The new construction would be marketed as Sand Lane Estates. Peter Calvanico, of Calvanico Associates, Willowbrook, is listed as the architect for the project.

Pacifico described the project as “high end” three-bedroom semi-attached homes, with full basements, each with a living room, dining room and eat-in-kitchen. He said construction could begin by early spring.

The 90-year-old stucco and wood-frame church, built by hand by Italian immigrants, is located two blocks from the Franklin Delano Roosevelt Boardwalk in South Beach. It served as a neighborhood mobilization center during Hurricane Sandy in 2012, but has not been used for mass since 2015, according to the Rev. Michael Martine, pastor of Holy Rosary.

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According to the pastor, the church suffered heavy water damage in March 2016 when the original pipes burst, causing water to damage the ceiling and walls. The building was deemed irreparable.

Father Martine said the proceeds from the sale “will greatly improve the financial position of our parish.” He said the money would go toward retiring the debt the parish incurred with the building of the new Holy Rosary Church, at 120 Jerome Ave., in the early 1990s, as well as the Father Dominic Epifano Parish Center across the street, that was built a few years later, in early 2000s. A new boiler will also be purchased for the adjacent Holy Rosary School, which was built in the 1950s.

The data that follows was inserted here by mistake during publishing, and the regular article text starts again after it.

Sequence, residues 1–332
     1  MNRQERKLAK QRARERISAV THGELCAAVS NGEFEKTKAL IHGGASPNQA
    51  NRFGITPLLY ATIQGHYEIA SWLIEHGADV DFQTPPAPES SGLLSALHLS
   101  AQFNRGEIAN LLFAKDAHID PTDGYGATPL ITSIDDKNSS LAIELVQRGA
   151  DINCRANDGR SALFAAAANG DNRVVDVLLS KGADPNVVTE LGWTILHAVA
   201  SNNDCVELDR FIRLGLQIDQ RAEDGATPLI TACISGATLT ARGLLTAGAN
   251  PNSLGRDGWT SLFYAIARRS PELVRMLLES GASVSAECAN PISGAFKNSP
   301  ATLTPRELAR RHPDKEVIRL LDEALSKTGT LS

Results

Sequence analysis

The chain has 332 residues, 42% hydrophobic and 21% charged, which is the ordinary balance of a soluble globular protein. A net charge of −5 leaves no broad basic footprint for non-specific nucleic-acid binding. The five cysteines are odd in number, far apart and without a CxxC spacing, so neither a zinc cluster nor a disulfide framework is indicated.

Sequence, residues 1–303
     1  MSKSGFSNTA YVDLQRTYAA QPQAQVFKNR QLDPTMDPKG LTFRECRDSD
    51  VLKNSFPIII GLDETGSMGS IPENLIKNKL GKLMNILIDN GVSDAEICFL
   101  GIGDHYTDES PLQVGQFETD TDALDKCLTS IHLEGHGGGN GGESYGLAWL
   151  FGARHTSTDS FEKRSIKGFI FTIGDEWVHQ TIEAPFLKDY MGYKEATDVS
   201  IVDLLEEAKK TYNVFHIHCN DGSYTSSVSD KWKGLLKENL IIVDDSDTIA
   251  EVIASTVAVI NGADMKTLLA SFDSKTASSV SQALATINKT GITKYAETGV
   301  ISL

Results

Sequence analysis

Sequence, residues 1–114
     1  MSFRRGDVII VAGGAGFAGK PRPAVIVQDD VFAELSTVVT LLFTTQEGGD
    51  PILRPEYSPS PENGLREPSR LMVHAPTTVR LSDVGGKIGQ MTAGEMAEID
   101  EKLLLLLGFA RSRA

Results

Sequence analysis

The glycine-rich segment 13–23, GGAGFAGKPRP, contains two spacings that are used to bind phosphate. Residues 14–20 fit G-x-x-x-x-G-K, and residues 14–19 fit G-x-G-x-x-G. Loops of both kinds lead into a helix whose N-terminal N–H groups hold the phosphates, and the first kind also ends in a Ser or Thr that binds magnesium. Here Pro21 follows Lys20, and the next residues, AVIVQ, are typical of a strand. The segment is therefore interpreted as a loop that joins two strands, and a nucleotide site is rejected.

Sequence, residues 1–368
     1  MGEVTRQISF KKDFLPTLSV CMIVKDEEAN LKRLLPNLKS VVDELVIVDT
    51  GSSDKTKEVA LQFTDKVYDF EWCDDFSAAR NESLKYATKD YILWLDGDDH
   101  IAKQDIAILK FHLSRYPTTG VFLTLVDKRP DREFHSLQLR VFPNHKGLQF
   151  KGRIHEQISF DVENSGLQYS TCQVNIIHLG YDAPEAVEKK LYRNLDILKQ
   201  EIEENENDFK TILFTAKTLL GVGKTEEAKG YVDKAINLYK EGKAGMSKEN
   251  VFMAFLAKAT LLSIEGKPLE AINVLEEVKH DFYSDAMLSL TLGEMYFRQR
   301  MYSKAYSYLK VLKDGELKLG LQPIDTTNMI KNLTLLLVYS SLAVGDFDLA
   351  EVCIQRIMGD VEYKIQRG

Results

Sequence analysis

Holy Rosary has preserved and restored an original hand-carved wooden crucifix as well as a fresco painting that was displayed over the altar in the Sand Lane church. Both are now in the daily mass chapel of the Jerome Avenue church.

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In their special section “Summer Fun in Staten Island,” published on June 28, 2017, the New York Daily News said that our monthly Sea Shanty Sessions, led by the Folk Music Society of New York, offer “…a great opportunity to experience authentic, time-honored maritime songs in an appropriately historic setting.” The next session is this Sunday, August 20, from 2 to 5 PM. This even is family friendly and free, but we always appreciate your donations. #NYCulture